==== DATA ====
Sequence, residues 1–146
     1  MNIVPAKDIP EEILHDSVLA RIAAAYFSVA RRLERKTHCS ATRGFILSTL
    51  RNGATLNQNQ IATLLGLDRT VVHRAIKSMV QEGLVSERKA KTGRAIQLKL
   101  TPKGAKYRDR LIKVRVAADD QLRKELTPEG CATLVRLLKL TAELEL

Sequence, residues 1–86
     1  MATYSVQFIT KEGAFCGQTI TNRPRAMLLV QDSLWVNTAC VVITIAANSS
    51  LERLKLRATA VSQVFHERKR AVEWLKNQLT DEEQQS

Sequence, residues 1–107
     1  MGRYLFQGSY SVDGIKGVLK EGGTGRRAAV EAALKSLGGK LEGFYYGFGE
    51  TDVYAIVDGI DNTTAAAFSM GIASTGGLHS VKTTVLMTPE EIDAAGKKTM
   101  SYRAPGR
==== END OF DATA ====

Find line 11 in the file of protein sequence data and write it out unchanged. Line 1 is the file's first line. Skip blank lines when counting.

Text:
   101  SYRAPGR